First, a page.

xiii. It is stated that the selection of advertising agencies to create and place Government advertising in media is marked by corrupt practices to favour one, or a few agencies, at the expense of all others. That influence is extended from some of the highest levels of State office to favour individuals who enjoy specially close relations with such holders of high public office.
xiv. It was also said that in the placement of advertising in media, in the invoicing process and in payments, some documents are fabricated and other malpractices are used to achieve corrupt aims.
xv. That such corrupt practices include under-the-table, up-front payments made in advance to secure such advertising contracts from Government entities.
xvi. It is said by non-officials that the budgets for advertising by various Government organizations increased disproportionately in the period between 2008 and 2013 with the intent of manipulating documents, procedures and payments in such a way so as to channel substantial sums to secret, private political campaign funds which will be used in the Elections 2013 phase.
Whereas Government representatives ascribed reasons for the increase to the simple need to inform the public about new projects and programmes for the welfare of people and for national development.
For instance, as per the data provided by the Pakistan Broadcasters’ Association to the Commission, total expenditure on advertising on TV and FM Radio channels by Government-controlled entities reflected increases, in individual cases, of between 5 percent to 30 percent while the composite figures given by PBA are as below:-
2006-07 Rs.1.52 Billion
2007-08 Rs.1.51 Billion
2008-09 Rs.1.41 Billion
2009-10 Rs.2.08 Billion
2010-11 Rs.2.09 Billion
2011-12 Rs.2.04 Billion
It is notable that, whereas the rates charged by print media for Government advertising are notably lower than the rates charged for private commercial advertising, in the case of electronic media, the rates charged for advertising by Government-controlled entities is often significantly higher than the rates charged for commercial advertising by private firms.
xvii. It was claimed that relevant persons in print and electronic media including some proprietors, editors, news directors, TV anchors, producers etc. have already been persuaded by material, illicit means to extend covert support to certain parties and candidates.
xviii. It was also stated that certain large private enterprises e.g. one or more firms in the construction and housing sector, use their vast financial resources to inhibit and discourage private media from presenting independent critical analysis of the vested interests of such private firms due to the volume of advertising time and space bought by such firms, which bring financial benefit to proprietors of print and broadcast media.
xix. Some prominent persons in public life who appeared before the Commission were of the view that irresponsibility and malice on the part of some media persons is also a form of corruption. They complained bitterly about the slander and defamation they have faced both through incorrect, unverified reports published in certain newspapers and through unfounded allegations made by certain TV anchors. They emphasized that if they were to file cases in court to seek damages and justice, the legal process would take several years and require high financial costs. Retractions and corrections by media, especially by TV channels is virtually non-existent. The Councils of Complaints under the PEMRA law are slow and ineffective. They called for independent mechanisms to hold errant media accountable in a prompt and effective manner.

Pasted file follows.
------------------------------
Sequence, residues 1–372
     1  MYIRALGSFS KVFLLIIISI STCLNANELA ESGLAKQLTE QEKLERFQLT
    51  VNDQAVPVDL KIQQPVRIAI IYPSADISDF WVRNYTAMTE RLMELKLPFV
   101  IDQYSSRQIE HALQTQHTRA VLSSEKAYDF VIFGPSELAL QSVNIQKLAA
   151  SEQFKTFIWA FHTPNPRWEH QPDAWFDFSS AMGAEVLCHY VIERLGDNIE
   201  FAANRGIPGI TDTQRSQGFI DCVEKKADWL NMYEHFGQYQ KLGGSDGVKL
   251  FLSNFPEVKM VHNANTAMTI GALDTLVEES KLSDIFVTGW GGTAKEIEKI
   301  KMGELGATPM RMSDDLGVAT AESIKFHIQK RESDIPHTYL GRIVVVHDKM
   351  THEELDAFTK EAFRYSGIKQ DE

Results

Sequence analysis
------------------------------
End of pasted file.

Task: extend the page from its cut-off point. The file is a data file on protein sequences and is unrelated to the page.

xx. In this particular Report which focuses only on TOR No.F, the Commission has deliberately restricted most of its Observations and all of its Recommendations to the relationship between media and Elections 2013. The Commission will deal with non-election-related aspects of corruption in the second part of its Report which will deal with the remaining eight TORs.
xxi. As stated elsewhere in this Report i.e. in para No.4 of the section titled: “Working methods used by the Commission”, the scale, nature and complexity of the different types of media-related corruption require the application of specialized, professional investigative skills preferably by independent, non-official specialized firms of auditors, etc., backed by adequate resources, the force of law and other legal means to obtain all related documents, examine/cross-examine both those making allegations and those who are the subject of the allegations in order to determine the veracity of the allegations. The Commission does not possess such required resources or the time before the deadline/s and therefore decided to meet with every relevant sector associated with media, and with particular individuals to make preliminary observations and recommendations to the Hon’ble Supreme Court.
xxii. The Commission is of the opinion that sufficient grounds exist for forensic audits and detailed investigations of several transactions and aspects referred to in the petitions admitted by the Court and aspects of media-related corruption in this Report.